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    Since I only rarely actually meter the light, there's not too much I can write down. Sometimes I make a mental note if the scene was very high contrast, and I also usually forget it a few minutes later.

    I've been gravitating toward just using a standard development routine on all my film. The more stuff is standardized, the less I have to note. In 35mm recently it's always been Neopan 400 in Rodinal 1:50 at 20C for 8 minutes, unless it was very dim, then I want to use Xtol to get more shadow speed, or if it was really sunny I might use D23 if I'm worried about my highlights...so, yeah. I should take notes.
    f/22 and be there.

  7. #17
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    Thank you for your ramblings, Bill, I appreciate them.

    I must admit I am a bit unclear myself of the actual purpose of the exposure records. They are nice to have, most definitively, but if I don't get a lab process my film, I just write the effective ISO on the paper around the film, and that's it. I am probably too used to EXIF on digital pictures, and want to have similar information available for my analog photography. That said, I am not very good with a light meter, so for my Mamiya C-kit, recording exposure would probably be wise, as I have been mislead before by my meter.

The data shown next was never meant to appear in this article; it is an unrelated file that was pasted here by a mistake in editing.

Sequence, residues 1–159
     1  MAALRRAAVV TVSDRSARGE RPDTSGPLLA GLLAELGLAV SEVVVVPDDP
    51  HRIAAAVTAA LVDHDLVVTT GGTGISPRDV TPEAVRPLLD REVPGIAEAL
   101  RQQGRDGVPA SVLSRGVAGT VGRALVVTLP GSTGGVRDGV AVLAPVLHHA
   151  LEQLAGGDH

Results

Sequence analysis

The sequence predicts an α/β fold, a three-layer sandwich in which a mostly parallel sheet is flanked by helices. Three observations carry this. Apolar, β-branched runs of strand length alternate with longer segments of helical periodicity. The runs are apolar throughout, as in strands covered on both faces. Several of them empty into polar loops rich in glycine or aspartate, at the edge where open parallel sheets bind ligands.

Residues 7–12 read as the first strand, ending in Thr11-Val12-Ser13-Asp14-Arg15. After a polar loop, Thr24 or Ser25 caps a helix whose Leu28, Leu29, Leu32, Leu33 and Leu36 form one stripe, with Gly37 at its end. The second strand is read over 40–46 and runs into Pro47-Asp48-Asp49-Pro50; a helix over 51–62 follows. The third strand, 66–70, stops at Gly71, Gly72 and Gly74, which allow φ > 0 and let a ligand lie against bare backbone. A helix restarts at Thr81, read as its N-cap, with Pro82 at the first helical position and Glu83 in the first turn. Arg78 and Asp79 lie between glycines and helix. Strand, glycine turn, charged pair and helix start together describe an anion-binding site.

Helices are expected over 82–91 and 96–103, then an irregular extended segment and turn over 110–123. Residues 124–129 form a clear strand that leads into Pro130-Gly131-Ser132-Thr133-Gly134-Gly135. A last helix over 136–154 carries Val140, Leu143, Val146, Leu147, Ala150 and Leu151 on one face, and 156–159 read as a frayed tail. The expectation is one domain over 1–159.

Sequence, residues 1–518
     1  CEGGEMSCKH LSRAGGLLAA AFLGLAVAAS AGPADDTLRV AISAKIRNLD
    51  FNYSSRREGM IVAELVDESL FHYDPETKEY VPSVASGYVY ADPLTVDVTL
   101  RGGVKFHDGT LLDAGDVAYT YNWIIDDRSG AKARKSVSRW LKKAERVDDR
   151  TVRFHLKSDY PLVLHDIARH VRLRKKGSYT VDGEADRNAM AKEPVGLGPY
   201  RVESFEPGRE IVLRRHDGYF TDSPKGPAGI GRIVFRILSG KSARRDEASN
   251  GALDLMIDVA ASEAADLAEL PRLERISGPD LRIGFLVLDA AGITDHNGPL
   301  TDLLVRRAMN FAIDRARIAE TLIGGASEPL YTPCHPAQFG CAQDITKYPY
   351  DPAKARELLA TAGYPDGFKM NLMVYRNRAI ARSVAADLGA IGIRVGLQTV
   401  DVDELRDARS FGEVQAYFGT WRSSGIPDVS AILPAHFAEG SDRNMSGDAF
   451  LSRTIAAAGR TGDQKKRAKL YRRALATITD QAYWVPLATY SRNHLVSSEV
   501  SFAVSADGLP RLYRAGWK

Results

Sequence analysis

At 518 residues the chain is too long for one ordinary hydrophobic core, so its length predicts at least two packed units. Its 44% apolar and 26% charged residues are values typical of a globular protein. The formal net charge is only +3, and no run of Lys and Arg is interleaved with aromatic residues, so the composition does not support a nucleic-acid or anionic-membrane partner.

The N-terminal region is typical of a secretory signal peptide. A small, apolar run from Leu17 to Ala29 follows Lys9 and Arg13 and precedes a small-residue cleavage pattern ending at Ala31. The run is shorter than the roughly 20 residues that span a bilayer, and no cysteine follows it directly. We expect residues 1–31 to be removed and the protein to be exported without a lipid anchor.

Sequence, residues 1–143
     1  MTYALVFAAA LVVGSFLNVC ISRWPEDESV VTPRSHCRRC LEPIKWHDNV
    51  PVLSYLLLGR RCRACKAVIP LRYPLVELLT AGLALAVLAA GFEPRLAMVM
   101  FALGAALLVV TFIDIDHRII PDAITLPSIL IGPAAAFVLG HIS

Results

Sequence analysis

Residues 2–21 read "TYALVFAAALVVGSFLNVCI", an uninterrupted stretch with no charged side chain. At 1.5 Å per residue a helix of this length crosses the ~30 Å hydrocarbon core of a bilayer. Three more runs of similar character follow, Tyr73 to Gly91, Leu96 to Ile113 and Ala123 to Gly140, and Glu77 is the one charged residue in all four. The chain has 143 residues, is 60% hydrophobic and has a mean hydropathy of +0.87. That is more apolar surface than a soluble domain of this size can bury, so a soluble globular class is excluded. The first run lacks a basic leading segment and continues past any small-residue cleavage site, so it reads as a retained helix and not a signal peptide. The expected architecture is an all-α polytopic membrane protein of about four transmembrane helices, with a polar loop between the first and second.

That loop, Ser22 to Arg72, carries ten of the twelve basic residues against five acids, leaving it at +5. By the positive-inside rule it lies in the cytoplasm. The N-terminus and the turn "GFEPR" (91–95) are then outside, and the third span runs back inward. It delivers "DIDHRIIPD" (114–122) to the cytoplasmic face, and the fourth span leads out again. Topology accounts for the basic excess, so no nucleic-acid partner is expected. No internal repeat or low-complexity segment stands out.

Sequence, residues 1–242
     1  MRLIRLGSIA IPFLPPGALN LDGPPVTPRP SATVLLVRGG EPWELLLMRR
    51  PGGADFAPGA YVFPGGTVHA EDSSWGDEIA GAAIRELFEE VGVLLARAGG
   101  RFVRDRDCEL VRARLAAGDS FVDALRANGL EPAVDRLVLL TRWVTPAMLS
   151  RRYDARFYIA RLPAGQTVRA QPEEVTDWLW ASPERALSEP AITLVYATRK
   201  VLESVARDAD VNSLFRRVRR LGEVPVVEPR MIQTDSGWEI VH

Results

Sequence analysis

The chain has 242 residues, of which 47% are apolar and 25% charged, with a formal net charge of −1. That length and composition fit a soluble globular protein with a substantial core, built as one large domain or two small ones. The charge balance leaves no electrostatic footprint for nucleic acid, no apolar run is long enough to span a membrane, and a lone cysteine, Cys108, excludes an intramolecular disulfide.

8. #18
    DWThomas's Avatar
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    I carry a small spiral notebook and record frame number, subject, aperture, shutter speed and filter. And depending on what I'm doing, I may record a meter reading. For my medium format stuff it works well to dedicate a page to each roll. I admit to sometimes getting absorbed in the camera work and forgetting to write something in. I do sometimes look at this information, especially when trying a new film. Like say, the Rollei IR 400 I went thru last week. I have been transcribing this data into spreadsheet pages, one per roll, which are indexed by subject and film type from pages in the front I find it helpful from time to time, but I suppose I also have mild OCD!

  9. #19
    Steve Smith's Avatar
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    When I process a film I always write the camera and lens details, the location and date, the film used and the EI it was used at and the developer details including time.

    I have no idea why as I have never refered to any of this data!


    Steve.

  10. #20
    Christopher Walrath's Avatar
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    <>

    My LF photography is porbably my only exception to the hither-and-yon approach I generally use with the Minoltas. 4x5, I keep meticulous notes on every negative down to the number of insect bites during. Well, maybe not THAT meticulously.
    Thank you.
    CWalrath
    APUG BLIND PRINT EXCHANGE
    DE Darkroom

    "Wubba, wubba, wubba. Bing, bang, bong. Yuck, yuck, yuck and a fiddle-dee-dee." - The Yeti